LittleBigPlanet PSP: developer interview

Wonderful things were to be found in the PSP lounge at this year’s Eurogamer Expo. Many PSP Gos (some of which even worked), several people from Media Molecule (three of whom Ross and I hijacked for a full half an hour to interview), and even people from Studio Cambridge, developers of the PSP version of LittleBigPlanet. Artist Laura Dilloway was in the wrong place at the wrong time, and found herself being quizzed by my good self before teatime.

With LittleBigPlanet’s established community and critical acclaim, I wondered, did Studio Cambridge feel any pressure to deliver?

“I don’t think we’ve been pressured so to speak, but we have listened to the LBP community when making certain decisions.” she says earnestly. “Costumes, for example. There are going to be loads and loads of different costumes for Sackboy, but we steered away from full body costumes. The community have said ‘We don’t like all in one pieces, we want smaller items like hats and shoes we can mix and match’. We’ve had a huge amount of feedback from the community and Media Molecule on various aspects of development, and it’s played a huge part in how the game has evolved.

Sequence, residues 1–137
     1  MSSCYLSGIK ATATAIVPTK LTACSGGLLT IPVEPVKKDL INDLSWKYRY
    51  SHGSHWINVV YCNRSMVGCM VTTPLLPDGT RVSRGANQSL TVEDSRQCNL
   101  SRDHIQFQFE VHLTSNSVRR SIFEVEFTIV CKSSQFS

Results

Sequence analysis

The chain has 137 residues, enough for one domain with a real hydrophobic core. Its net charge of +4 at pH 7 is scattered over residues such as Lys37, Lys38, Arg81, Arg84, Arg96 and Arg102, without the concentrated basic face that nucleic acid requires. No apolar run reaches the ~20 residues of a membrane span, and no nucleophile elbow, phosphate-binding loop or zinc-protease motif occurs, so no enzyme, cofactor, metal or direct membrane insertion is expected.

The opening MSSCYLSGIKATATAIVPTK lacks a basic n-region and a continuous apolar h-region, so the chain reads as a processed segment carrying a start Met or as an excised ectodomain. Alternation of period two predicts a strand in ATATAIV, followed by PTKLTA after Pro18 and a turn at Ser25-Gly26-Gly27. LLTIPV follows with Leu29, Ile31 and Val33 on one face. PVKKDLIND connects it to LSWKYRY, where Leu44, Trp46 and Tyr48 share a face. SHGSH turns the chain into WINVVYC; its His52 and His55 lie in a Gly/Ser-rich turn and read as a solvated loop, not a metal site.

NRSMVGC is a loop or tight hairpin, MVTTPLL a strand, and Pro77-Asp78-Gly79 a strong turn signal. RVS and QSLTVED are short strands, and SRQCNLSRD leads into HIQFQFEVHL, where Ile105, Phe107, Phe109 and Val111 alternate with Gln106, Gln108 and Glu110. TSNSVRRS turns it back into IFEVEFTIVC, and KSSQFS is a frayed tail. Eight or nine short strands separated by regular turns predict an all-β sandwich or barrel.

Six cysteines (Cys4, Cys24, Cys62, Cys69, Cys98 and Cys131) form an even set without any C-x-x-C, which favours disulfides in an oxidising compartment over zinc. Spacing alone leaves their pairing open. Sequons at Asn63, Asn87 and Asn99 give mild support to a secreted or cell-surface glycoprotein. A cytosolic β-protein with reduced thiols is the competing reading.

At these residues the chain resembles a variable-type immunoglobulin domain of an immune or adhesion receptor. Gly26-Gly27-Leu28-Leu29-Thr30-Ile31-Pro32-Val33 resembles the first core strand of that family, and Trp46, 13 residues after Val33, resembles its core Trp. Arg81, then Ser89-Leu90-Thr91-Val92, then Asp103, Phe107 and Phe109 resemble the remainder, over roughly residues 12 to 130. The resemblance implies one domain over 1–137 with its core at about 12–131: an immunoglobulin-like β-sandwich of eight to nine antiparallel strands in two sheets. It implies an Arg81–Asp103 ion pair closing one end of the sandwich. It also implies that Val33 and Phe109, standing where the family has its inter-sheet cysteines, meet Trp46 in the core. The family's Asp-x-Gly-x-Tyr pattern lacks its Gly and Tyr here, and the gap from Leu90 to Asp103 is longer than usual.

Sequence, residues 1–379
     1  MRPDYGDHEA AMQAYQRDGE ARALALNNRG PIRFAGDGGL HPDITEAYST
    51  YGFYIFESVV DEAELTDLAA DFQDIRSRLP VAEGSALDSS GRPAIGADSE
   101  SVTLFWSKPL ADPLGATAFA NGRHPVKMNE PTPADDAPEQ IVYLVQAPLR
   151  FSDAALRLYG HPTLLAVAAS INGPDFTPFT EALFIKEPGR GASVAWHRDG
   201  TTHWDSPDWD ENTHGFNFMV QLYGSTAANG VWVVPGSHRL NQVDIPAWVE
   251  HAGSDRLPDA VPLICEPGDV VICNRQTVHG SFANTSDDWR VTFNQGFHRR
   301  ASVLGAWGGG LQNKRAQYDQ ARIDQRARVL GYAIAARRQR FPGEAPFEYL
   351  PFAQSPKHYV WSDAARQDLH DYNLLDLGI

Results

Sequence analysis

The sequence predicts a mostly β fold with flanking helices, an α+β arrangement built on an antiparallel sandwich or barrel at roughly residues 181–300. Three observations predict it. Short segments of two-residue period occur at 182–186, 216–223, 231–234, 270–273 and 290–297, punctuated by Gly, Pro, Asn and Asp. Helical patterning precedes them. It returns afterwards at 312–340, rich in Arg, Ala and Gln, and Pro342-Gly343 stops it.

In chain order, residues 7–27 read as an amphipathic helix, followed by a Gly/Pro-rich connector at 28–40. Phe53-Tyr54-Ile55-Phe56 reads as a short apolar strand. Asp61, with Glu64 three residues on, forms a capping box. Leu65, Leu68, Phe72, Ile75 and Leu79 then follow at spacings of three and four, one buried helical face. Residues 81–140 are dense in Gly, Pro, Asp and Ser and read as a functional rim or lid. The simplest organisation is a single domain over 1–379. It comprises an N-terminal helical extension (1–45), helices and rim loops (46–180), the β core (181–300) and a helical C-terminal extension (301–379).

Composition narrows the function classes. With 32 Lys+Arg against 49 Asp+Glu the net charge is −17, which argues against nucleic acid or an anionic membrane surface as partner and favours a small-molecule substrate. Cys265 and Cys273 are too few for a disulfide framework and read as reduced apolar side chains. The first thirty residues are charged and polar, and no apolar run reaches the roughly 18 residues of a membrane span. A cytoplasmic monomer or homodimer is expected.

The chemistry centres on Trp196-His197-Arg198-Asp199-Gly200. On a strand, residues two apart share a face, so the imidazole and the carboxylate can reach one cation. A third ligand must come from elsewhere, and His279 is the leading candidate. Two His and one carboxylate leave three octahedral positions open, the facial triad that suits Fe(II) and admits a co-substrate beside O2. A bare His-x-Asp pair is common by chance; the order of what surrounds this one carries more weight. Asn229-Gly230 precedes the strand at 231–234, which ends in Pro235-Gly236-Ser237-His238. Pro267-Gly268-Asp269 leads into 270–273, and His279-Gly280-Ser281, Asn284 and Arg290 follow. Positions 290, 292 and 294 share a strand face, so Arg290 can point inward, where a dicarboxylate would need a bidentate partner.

“The guys at Media Molecule have been a guiding hand more than anything, but their input has been really valuable to us and to the game. What they’ve seen, they’re really pleased with. Although we started developing the PSP version before the original LittleBigPlanet had been released, comments from the community since then have definitely influenced several design decisions.”

Are they expecting existing LBP fans to be their main audience?

“I think we’re hoping for a new audience, as the PS3’s quite a specialist system, and obviously in a different price range as well. Being a portable, you can take the PSP on the school bus, train etc. It’s a lot more accessible. I think it’ll appeal to an even wider range of people. Not just journeys to school, but of course people play their PSPs on the long journey to and from work. You have the whole Play Create Share thing, and with the PSP, you can Play Create Share anywhere; you don’t have to sit in your living rooms and do it.”

Had they been given strict rules about what they could and couldn’t do with the game?